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The George T Davie(1898 - 1945)

George T Davie Public Archives of Canada



KEY STATS:
Ship Type: Composite Barge
Lifespan: Built 1898, Sunk 1945
Length: 177 ft (54.5m)
Depths: 75- 100ft (23-30m)
Location: Off Simcoe Island, Kingston, Ontario
GPS N44 06 79 W76 34 78



The strongest impression when first seeing this wreck is its impressive size: I mean, it's a 177-foot barge that screams out DIVE ME. The George T. Davie started out in Levis, PQ's George T. Davie shipbuilding yards in 1898, and sailed the St Lawrence and Lake Ontario until its untimely demise on April 18, 1945. While being towed from Oswego, New York, to Kingston, Ontario, by the tug "Salvage Prince," she capsized and, as the story goes, the one crew member had to scurry up its keel to be rescued. She sat all alone on the bottom until discovered in 1983 by Rick Neilson and finally, in 2000, was moored for all to enjoy.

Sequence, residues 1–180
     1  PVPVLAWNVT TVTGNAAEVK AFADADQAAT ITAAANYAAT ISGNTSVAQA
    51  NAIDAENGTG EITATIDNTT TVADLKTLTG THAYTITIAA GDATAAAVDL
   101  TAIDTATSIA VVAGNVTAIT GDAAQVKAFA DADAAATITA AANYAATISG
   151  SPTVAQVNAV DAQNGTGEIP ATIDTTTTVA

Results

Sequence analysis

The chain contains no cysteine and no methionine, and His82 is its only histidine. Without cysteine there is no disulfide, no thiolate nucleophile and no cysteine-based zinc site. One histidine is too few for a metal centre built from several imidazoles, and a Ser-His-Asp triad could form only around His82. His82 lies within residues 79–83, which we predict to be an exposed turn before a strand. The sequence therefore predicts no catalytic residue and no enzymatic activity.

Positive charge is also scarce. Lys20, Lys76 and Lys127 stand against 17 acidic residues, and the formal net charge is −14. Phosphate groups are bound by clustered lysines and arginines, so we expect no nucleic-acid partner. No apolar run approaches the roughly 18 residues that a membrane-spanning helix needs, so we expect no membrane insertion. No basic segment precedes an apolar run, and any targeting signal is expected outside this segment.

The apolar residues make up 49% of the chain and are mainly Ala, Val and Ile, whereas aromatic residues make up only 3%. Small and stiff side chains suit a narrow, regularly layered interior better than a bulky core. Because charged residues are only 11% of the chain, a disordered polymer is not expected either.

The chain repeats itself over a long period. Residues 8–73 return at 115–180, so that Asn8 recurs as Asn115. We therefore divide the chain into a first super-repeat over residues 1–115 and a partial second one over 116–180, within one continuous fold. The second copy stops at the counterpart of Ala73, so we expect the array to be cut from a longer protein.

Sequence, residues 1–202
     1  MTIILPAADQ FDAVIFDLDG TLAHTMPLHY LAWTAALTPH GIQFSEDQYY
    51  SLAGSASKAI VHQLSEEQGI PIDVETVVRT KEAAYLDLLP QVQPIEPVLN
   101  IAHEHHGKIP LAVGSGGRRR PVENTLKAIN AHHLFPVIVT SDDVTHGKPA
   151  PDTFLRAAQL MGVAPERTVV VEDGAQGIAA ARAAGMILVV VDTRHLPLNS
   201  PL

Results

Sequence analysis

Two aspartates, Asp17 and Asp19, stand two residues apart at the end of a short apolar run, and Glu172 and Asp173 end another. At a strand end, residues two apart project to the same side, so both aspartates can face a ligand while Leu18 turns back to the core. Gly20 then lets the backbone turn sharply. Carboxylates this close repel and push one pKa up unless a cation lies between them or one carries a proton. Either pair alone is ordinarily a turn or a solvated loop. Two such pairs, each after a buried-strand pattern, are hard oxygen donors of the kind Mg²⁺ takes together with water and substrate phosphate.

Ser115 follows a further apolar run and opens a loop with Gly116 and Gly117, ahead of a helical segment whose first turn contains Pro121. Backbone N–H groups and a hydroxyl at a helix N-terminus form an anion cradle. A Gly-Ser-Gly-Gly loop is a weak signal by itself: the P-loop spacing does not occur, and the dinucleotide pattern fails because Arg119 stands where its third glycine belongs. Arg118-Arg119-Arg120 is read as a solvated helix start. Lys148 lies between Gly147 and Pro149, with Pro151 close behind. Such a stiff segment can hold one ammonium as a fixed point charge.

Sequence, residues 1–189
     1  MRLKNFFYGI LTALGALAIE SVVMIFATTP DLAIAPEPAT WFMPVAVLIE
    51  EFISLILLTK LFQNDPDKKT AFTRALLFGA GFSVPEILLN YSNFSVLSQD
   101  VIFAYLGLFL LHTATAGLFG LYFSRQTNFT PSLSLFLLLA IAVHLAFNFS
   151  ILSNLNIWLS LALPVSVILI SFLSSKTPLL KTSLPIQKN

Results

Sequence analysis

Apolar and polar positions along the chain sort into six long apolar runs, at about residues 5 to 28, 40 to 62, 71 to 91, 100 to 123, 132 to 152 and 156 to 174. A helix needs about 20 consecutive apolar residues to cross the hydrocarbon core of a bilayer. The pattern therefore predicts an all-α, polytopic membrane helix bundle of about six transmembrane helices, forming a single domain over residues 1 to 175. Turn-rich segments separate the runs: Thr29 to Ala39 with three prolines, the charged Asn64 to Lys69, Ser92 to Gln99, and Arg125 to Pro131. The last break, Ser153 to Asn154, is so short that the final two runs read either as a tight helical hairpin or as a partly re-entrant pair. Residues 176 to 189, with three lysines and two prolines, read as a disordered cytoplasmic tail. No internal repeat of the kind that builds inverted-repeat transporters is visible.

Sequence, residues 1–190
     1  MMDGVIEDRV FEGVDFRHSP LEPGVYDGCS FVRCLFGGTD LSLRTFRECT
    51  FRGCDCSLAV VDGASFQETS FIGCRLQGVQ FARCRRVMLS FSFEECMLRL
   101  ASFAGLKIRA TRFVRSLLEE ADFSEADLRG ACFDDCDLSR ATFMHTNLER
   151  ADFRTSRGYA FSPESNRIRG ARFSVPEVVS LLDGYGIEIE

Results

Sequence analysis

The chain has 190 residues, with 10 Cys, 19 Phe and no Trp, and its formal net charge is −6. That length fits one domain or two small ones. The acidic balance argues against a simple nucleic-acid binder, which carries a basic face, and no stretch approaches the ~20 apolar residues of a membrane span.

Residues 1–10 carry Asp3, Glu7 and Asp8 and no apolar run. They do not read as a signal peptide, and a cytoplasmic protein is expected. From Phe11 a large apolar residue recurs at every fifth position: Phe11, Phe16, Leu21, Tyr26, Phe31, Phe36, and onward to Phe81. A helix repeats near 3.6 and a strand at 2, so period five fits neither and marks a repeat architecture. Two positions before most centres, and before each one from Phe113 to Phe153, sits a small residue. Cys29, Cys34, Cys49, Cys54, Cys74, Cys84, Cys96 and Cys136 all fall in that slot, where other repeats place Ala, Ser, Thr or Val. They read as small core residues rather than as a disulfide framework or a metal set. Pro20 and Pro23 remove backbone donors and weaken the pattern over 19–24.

Coming down the line to about 15 ft (3m) off the bow, the first things you encounter are the boilers and winch. The best way, so far, to dive her is go to your left and around the bow, to the stern on the topside (75ft [23m]). Check out the holds on the way to the wheelhouse, where you can poke your head in and take a peek inside. Coming around the stern, you'll see the wheel and rudder. Now for the fun stuff, once you have hit the bottom side of the lake. The top half of the wheelhouse is just off the wreck. Then the crane comes in view, complete with shovel head. Between the crane and the wreck is a dory with the mast still inside. On the way back to the wreck, there's a coal shovel and rigging wire. Then you're back on the line. There's lots to see and play with - well worth a second dive. .

Rear of Davie
Distance shot

Lifeboat
Life Boat
Donkey Boiler
The Donkey Boiler ear the bow

Anchor
Anchors



Thanks to Tom Wilson for the story, and Rick Neilson for the research
Photo of the Life boat by James Pate

© 2007 Northern Tech Diver, Corp.